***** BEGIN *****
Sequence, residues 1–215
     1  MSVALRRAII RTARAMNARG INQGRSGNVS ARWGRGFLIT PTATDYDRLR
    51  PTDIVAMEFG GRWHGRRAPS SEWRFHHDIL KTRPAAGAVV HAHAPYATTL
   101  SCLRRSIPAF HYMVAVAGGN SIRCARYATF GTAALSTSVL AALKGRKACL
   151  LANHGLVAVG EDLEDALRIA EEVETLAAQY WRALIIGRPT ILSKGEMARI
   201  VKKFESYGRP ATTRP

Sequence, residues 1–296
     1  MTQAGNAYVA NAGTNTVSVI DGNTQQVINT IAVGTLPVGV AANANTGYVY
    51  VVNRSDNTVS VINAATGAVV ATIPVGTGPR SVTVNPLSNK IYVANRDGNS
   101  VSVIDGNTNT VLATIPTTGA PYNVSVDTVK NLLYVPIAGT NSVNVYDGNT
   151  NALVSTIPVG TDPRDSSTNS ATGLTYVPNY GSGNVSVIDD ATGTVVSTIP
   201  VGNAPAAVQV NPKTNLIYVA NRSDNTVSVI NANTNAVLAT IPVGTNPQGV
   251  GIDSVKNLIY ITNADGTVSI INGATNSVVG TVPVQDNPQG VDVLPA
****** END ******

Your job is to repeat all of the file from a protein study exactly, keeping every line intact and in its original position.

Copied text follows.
Sequence, residues 1–215
     1  MSVALRRAII RTARAMNARG INQGRSGNVS ARWGRGFLIT PTATDYDRLR
    51  PTDIVAMEFG GRWHGRRAPS SEWRFHHDIL KTRPAAGAVV HAHAPYATTL
   101  SCLRRSIPAF HYMVAVAGGN SIRCARYATF GTAALSTSVL AALKGRKACL
   151  LANHGLVAVG EDLEDALRIA EEVETLAAQY WRALIIGRPT ILSKGEMARI
   201  VKKFESYGRP ATTRP

Sequence, residues 1–296
     1  MTQAGNAYVA NAGTNTVSVI DGNTQQVINT IAVGTLPVGV AANANTGYVY
    51  VVNRSDNTVS VINAATGAVV ATIPVGTGPR SVTVNPLSNK IYVANRDGNS
   101  VSVIDGNTNT VLATIPTTGA PYNVSVDTVK NLLYVPIAGT NSVNVYDGNT
   151  NALVSTIPVG TDPRDSSTNS ATGLTYVPNY GSGNVSVIDD ATGTVVSTIP
   201  VGNAPAAVQV NPKTNLIYVA NRSDNTVSVI NANTNAVLAT IPVGTNPQGV
   251  GIDSVKNLIY ITNADGTVSI INGATNSVVG TVPVQDNPQG VDVLPA